Mike ended by encouraging all members to come to the AGM.

Hortitalk

Wednesday
29th September

Lesley submitted photos of a mystery plant, a readily spreading ground cover spilling out from the flower bed into the gravel path. Throughout the summer it had very many more pink flower heads than seen in the late September photos. This was readily identified as Phuopsis stylosa (Caucasian crosswort). It was also reported to take well in gaps in stone walls. It is easy to grow and propagate, so look out for it at next May’s Annual Plant Sale.

Mike’s very large-leaved quick-growing plant was more of a puzzle, but was subsequently identified as a Paulownia (foxglove tree). It quickly grows into a large tree, but only starts bearing foxglove-like flowers after quite some years.

There was some discussion of October’s Autumn Flower Competition and of interesting gardens visited: several in Cornwall, of which Trebah excelled, nearer to home, Sussex Prairie Garden and right on our doorstep West Dean Gardens where there is a lot of new planting underway.

Hortitalk

Wednesday
28th July

Most of the discussion concerned the up-coming Annual Flower Show,

Read more

with Chairman, Mike Kingsford, encouraging members to set the example by entering things in the Show.

This year there will be no need write entry cards by hand. Not only will Margaret Rhodes pre-print the class name and number on all the cards, but will also print the entrants’ names and numbers on labels to be stuck on the appropriate entry cards. She does not envisage needing additional help for this. Mike asked that entry forms be subitted as soon as possible, rather thah just befor the cut-off time, to help Margaret spread our the workload.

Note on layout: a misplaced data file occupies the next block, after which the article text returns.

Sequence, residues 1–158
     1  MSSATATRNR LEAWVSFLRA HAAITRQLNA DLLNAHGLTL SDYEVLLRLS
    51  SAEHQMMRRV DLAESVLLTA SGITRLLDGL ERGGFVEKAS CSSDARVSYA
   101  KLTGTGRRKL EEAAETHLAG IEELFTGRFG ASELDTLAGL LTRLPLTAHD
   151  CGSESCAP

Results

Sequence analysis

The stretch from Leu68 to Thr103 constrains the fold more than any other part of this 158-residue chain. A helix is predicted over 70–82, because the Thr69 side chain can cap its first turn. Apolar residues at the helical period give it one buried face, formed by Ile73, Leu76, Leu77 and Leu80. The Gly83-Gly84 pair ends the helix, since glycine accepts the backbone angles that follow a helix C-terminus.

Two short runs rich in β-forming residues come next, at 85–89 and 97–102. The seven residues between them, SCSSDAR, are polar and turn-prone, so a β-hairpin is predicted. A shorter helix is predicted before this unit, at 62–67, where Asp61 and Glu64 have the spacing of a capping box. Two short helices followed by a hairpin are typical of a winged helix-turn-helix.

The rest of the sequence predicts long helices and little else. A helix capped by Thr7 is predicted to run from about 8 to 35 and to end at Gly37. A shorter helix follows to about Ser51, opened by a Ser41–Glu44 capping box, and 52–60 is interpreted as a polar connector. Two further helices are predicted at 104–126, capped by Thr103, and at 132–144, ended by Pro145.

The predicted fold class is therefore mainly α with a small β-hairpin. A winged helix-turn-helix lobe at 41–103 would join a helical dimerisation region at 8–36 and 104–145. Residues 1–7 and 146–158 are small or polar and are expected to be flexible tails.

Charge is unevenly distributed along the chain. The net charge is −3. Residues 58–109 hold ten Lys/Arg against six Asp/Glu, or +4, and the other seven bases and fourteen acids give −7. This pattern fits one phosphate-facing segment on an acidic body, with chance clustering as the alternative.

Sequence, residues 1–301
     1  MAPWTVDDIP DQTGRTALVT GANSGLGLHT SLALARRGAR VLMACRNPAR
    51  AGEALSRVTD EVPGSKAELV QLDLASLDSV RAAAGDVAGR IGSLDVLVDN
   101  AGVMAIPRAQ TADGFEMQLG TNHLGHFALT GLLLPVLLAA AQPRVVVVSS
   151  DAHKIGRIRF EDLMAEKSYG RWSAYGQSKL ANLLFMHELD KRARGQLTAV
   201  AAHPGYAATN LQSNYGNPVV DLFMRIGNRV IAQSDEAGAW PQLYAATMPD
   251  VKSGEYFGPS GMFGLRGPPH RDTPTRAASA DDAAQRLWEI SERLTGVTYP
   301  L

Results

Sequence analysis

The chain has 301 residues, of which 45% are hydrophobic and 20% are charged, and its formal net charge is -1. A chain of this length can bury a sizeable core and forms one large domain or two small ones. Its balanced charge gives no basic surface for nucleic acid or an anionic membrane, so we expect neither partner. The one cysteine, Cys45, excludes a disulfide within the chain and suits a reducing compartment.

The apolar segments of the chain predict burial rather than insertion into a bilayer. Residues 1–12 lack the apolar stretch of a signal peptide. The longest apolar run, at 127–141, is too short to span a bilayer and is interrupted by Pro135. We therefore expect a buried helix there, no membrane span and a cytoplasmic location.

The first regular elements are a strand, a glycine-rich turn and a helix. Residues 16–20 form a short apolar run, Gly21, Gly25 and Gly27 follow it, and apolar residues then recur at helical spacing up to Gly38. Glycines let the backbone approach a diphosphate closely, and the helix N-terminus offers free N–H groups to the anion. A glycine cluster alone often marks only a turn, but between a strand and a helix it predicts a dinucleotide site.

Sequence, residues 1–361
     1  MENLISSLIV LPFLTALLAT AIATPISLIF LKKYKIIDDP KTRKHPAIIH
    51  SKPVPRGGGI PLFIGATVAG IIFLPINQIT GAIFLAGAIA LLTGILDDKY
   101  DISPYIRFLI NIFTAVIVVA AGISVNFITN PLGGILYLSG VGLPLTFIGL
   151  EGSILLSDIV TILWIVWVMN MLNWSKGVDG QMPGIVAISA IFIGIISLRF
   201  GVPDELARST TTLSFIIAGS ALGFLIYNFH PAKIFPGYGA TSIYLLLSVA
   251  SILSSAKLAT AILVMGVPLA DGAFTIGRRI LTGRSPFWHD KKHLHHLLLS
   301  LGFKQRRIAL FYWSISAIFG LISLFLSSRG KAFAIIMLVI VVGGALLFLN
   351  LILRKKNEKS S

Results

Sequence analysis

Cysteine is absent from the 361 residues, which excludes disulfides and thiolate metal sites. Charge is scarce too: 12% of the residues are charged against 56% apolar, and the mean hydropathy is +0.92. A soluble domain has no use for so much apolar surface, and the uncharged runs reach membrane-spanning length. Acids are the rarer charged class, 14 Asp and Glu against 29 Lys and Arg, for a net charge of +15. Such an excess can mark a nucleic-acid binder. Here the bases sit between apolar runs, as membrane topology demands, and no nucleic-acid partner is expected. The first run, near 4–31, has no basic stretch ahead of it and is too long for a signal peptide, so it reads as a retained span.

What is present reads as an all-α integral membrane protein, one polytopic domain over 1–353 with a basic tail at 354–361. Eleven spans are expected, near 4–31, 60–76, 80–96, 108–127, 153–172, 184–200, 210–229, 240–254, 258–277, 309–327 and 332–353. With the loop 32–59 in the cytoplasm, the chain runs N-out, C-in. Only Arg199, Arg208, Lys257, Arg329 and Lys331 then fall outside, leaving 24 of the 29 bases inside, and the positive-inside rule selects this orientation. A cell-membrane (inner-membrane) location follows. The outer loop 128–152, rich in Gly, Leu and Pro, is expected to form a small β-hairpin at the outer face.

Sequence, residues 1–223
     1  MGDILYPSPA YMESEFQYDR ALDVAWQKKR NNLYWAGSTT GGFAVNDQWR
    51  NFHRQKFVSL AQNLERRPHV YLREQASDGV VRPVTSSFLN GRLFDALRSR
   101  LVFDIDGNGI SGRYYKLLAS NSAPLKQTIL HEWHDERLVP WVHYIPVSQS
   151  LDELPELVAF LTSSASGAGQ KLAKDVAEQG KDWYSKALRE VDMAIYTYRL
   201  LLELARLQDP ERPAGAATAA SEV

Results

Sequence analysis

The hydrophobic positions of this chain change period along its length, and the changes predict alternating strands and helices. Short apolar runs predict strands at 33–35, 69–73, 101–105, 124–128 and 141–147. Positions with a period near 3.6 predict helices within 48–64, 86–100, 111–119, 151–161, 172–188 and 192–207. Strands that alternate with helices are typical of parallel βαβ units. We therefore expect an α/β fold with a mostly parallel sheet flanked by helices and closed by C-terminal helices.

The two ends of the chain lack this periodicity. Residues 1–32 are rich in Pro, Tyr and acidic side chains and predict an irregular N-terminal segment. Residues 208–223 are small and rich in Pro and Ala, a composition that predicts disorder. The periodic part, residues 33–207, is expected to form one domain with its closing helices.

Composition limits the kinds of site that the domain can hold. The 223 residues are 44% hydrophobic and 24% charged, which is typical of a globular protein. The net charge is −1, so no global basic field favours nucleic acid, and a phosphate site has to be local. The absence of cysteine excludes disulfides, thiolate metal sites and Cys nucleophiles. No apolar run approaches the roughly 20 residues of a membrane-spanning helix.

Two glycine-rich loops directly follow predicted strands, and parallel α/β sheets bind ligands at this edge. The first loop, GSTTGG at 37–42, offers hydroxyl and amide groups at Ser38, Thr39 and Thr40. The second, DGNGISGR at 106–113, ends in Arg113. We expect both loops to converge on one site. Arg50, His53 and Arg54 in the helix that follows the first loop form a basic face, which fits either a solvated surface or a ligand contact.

It was pointed out that there is no provision in the Show Schedule for biennials. However, it was clarified that hollyhocks, which prompted this query, are a short-lived perennial.

Concern was expressed about running Class 50, most fragrant rose, in the traditional way, with all the visitors smelling the roses as they arrive. It was agreed that this year Tom Brown would be asked to decide the winner, rather than the popular vote.
Robert Newman offered to make a perspex screen to stop visitors instinctively trying to smell the roses.

Two marquees will be erected on the green adjacent to the Green Room: one, with open sides, for refreshments and the other for any overspill of exhibits. If not required for exhibits, this also would be left open-sided for refreshments.

A recommendation that masks be worn inside the Hall was agreed.

As all washing up will be done in the dish washer, rather than by hand, Liz Hewitt asked for help in handling the heavy trays of crockery; Robert Newman and Mike Kingsford volunteered.

There was general support amongst the members participating for a continuation of Hortitalks after a break in August.

Show less

Hortitalk

Wednesday
23rd June

As usual, we started with photos from members’ gardens that set off a lot of discussion: (click any to enlarge)

Read more

Sweet peas: Mike Kingsford shared some photos of his sweet peas – Roger Parsons seed sown in Rootrainers in October and grown on in a quite harsh regime.